Statewide, only 2% of Indiana corn has been harvested, but most fields in NE Indiana are a week or so away from harvest. Mary Gumz, Pioneer agronomist based in North Judson, told HAT there is a great deal of variability in field conditions in her area, “We have fields that never even pollinated to fields that caught some rain and will do OK. I think an average in my area will be 120 bpa on corn.” She said stalk integrity is a serious problem this year and that growers should be checking fields to determine how long the crop will stay standing, “Growers should check their fields and do a push test and a pinch test.” Gumz said the pinch test is a good way to test the strength of the stalk which may be all that is keeping a plant upright. She urged growers to evaluate their fields and determine which ones need to be harvested first.
Aflatoxin is being reported across the state, and Gumz says farmers need to be checking their fields for it and, if detected, taking precautions, “If you find you have the mold, be sure to take safety precautions.” Pioneer and Purdue both have many resources on their web sites to help producers identify and manage this serious infestation. In addition, if you find you have a problem, you need to contact your crop insurance agent before you begin harvesting. Failure to do this could result in the loss of insurance coverage and benefits.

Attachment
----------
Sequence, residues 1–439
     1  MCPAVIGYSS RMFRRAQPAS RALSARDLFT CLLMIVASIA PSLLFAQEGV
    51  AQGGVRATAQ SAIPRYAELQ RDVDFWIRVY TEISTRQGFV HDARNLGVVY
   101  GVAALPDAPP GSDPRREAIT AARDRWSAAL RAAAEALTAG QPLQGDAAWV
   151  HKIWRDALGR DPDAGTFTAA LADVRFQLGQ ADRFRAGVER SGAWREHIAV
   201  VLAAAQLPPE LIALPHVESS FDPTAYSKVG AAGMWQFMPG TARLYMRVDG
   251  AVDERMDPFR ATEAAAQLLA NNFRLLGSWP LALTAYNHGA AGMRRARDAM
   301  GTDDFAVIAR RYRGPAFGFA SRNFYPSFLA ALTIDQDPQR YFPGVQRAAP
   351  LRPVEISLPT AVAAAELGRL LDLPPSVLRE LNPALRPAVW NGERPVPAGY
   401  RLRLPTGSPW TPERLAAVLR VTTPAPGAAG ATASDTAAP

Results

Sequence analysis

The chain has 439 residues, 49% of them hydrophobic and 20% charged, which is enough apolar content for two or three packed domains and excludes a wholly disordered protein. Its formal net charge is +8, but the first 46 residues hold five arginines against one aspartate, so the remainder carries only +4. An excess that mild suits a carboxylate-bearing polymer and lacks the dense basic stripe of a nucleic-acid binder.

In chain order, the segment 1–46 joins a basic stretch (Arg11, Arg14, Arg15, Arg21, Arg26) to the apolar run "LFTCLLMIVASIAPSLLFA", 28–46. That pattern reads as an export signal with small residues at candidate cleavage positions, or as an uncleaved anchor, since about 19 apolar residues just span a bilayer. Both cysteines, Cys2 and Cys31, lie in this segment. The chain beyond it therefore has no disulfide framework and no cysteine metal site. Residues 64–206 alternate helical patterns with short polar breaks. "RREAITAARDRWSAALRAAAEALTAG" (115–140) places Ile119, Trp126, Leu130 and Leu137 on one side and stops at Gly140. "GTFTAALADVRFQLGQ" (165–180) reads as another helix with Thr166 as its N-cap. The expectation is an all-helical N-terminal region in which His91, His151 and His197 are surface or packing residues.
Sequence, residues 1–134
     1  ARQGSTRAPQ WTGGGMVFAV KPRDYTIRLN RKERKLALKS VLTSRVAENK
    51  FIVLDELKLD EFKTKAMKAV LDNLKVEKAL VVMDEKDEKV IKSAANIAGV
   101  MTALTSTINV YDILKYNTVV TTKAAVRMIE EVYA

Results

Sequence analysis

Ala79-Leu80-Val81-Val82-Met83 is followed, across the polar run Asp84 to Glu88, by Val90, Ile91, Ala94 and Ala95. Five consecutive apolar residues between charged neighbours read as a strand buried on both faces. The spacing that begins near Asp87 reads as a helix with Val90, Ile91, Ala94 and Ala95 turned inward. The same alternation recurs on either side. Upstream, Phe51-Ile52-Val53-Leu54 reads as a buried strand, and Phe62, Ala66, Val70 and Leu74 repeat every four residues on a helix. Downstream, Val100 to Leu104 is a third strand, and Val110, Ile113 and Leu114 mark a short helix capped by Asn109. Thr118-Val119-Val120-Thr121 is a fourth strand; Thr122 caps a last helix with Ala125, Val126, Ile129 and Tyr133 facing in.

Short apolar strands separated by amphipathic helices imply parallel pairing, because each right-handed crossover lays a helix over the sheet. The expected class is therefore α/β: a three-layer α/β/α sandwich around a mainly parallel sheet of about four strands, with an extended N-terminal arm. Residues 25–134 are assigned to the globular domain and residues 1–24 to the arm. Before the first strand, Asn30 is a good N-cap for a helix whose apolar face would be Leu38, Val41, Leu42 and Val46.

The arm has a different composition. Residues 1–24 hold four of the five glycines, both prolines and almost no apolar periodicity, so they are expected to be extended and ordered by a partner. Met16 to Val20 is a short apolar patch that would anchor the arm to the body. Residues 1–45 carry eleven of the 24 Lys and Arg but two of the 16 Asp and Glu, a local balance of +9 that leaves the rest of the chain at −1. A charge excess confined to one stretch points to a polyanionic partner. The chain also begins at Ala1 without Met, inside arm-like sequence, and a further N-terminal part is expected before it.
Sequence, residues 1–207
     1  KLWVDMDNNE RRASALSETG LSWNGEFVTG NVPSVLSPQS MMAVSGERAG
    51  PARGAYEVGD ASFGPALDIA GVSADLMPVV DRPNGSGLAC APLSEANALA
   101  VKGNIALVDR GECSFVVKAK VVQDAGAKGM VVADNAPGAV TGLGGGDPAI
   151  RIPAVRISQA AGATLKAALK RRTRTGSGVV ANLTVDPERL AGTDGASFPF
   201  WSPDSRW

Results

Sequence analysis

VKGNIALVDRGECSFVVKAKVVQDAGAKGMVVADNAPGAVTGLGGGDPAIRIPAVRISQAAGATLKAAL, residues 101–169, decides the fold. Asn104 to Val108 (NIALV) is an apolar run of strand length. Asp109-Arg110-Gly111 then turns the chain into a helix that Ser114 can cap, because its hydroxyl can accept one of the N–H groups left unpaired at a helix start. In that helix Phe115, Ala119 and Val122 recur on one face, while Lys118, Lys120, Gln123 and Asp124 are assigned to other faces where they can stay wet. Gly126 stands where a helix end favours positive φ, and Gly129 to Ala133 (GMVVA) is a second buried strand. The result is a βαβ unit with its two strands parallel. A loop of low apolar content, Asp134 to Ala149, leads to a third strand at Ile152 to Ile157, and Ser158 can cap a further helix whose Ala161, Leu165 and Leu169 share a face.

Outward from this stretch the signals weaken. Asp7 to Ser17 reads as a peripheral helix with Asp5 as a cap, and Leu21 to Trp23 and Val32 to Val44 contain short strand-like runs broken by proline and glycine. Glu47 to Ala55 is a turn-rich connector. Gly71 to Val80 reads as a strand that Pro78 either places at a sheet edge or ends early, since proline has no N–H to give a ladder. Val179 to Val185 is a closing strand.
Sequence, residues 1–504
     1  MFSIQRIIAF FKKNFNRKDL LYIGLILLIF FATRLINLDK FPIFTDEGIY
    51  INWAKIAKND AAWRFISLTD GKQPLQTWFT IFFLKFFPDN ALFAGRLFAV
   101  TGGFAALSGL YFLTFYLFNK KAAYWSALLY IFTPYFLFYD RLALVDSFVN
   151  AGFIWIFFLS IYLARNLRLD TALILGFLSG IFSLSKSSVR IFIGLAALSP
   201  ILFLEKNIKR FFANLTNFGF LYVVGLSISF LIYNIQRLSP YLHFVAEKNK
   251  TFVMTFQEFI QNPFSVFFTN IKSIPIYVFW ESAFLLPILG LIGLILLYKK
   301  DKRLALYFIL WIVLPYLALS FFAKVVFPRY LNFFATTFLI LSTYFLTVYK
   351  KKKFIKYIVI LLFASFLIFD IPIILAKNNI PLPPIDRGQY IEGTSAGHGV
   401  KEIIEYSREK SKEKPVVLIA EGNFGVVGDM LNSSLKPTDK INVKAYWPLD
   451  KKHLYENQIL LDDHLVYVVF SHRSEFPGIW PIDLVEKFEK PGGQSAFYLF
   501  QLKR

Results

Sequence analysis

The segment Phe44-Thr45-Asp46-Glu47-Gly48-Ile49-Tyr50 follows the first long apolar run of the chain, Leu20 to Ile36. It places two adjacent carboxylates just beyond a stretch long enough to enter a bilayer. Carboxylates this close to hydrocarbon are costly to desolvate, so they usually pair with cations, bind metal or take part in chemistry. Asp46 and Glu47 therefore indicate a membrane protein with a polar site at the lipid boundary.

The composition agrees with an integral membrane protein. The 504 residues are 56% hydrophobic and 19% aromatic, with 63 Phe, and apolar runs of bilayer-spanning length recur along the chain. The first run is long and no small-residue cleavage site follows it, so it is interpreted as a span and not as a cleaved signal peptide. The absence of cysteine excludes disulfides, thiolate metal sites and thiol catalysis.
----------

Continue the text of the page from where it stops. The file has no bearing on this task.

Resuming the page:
Listen to the complete report with Mary Gumz at our Agronomy section on our web site and our Smartphone app.